The Community and Information Technology Committee is advancing the idea of developing an open-access fiber optic network and creating a broadband utility in Superior.
The goal is to provide high-speed internet and communication services at a lower cost to the public.
The committee approved seeking $18,000 in funding through the city’s Finance Committee to pay End Point Networks of Salt Lake City, Utah, to develop a plan that would determine if it’s something residents and businesses want; the plan would guide the development of the network if it’s determined to be something the public wants.
The open-access network would be developed and maintained by the city at cost, and individual service providers would offer access to the internet at a lower rate because the companies would no longer be required to maintain the infrastructure for the network.
In Ammon, Idaho, which is currently building its city-owned network, the cost of internet was reduced from $93 per month for 30 megabytes per second download and 5 mbps upload speed service through the cable company to about $48.49 per month for the cost of installing the fiber optic link ($22 per month), network maintenance ($16.50 per month) and the ISP ($9.99 per month) for 1,000 mbps upload and download speeds.
According to Bruce Patterson, Ammon’s technology director, the first improvement district built out actually cost about $2,900 for the link, less than the low-end estimated cost of $3,000, for the fiber optic link because of participation of 73%. The second district, which had a participation rate of 63%, paid about $3,100 for the link.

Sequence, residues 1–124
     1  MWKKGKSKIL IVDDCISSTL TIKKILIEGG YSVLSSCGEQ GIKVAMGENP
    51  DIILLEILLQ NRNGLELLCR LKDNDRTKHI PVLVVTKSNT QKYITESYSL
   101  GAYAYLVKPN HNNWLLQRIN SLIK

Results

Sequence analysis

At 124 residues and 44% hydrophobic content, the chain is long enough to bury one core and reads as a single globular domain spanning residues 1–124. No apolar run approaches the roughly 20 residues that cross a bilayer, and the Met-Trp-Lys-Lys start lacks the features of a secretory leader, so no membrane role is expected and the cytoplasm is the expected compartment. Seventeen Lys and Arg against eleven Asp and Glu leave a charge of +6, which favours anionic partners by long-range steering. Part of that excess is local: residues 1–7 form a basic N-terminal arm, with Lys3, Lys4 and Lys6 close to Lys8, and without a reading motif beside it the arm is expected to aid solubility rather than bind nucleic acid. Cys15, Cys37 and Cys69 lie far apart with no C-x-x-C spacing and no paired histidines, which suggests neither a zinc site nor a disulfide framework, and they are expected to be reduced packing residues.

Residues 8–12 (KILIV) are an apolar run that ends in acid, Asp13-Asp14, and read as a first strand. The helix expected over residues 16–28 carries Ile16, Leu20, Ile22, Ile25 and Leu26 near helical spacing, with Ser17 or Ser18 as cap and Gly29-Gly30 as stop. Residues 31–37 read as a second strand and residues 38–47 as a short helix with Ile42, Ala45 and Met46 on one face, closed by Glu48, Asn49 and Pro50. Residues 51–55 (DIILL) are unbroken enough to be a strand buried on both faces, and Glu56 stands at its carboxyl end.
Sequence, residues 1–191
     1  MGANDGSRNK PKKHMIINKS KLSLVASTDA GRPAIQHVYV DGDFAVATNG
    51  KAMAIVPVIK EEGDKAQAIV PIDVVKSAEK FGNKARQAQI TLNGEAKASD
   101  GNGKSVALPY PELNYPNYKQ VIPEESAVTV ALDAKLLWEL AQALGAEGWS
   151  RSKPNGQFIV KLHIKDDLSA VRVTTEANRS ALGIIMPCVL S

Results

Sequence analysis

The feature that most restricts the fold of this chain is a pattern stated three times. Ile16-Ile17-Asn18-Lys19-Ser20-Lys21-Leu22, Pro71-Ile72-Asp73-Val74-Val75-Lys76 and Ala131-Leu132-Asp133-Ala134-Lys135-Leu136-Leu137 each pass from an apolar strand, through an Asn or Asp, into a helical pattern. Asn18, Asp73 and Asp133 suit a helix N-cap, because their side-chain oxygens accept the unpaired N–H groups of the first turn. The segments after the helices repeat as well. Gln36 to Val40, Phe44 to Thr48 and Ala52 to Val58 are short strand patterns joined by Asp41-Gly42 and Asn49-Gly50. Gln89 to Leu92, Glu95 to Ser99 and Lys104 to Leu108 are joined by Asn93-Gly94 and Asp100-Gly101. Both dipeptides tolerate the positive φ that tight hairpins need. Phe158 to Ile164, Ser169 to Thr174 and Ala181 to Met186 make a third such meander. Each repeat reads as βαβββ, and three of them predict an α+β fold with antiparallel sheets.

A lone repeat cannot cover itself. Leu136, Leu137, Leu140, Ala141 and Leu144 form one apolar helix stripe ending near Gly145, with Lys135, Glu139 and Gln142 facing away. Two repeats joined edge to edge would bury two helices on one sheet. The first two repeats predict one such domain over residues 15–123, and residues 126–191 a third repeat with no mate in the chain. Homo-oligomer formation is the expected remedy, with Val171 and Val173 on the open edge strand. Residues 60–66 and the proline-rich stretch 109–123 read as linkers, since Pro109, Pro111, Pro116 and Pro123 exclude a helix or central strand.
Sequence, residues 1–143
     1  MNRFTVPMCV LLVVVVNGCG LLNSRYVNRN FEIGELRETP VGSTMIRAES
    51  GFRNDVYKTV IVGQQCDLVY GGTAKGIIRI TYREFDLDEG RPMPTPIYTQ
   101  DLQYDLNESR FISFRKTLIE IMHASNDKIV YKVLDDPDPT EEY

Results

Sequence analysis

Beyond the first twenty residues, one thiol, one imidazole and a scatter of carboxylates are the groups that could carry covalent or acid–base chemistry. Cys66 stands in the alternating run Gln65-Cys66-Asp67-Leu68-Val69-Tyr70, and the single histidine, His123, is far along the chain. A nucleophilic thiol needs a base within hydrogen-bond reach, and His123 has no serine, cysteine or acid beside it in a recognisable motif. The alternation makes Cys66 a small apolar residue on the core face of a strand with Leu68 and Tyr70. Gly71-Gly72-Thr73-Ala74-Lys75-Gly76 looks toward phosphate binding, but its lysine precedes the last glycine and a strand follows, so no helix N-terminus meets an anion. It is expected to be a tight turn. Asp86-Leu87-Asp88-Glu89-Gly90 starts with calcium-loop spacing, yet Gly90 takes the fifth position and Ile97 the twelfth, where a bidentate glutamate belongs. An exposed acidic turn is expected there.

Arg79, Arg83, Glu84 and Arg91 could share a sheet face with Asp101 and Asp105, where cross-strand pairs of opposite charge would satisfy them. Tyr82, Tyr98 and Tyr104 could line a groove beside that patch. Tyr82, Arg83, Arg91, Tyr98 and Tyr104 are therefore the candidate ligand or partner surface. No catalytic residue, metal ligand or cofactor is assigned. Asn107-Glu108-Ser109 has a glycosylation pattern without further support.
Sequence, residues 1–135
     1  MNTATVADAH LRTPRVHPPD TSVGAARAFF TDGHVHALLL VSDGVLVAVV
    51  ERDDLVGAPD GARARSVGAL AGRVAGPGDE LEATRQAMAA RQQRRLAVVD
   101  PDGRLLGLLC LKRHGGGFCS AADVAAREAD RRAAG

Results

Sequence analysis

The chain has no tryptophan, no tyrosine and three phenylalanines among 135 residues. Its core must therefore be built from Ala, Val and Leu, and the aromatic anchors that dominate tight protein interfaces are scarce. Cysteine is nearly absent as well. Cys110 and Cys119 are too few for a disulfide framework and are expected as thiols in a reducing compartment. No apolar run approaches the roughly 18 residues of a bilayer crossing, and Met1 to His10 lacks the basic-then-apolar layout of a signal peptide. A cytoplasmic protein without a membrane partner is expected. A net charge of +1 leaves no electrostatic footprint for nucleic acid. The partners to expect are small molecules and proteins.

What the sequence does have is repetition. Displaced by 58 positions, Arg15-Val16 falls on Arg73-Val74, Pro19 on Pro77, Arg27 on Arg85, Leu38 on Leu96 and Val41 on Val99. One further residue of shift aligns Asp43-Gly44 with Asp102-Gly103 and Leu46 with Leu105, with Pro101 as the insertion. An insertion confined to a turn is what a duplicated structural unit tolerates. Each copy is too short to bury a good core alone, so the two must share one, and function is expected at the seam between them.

Over 20 years, the actual costs are about $12.50 and $13 per month, plus interest, for Ammon’s fiber optic link in the first two districts.
A conservative estimate of the cost for the link, paid over 20 years, is $20 per month in Superior.
“We’ve heard from everyone on this committee that’s what they want to do … I think this would be money well spent,” said Dan Shay, the city’s IT manager and an adviser to the committee. He said it makes sense to see if the City Council is serious about creating the utility.
“To me, a fiber optic infrastructure is going to be vital to any city going forward,” said Thomas Janicki, an IT professional and member of the committee.
“It seems like a steal,” said Councilor Tylor Elm, chairman of the committee. He said it makes more sense to develop a plan for $18,000 than to spend $75,000 for a feasibility study. After receiving a detailed, 99-page plan developed by End Point Networks for Riverton, Utah, he said it’s not something that could be developed by city staff.
“If we’re going to make decisions, we’re going to have to jump on it right now,” Councilor Craig Sutherland said, noting the City Council will soon make decisions on the city’s 2020 budget.
Sutherland made a motion to recommend the Finance Committee find $18,000 to pay for the plan when it meets Oct. 10.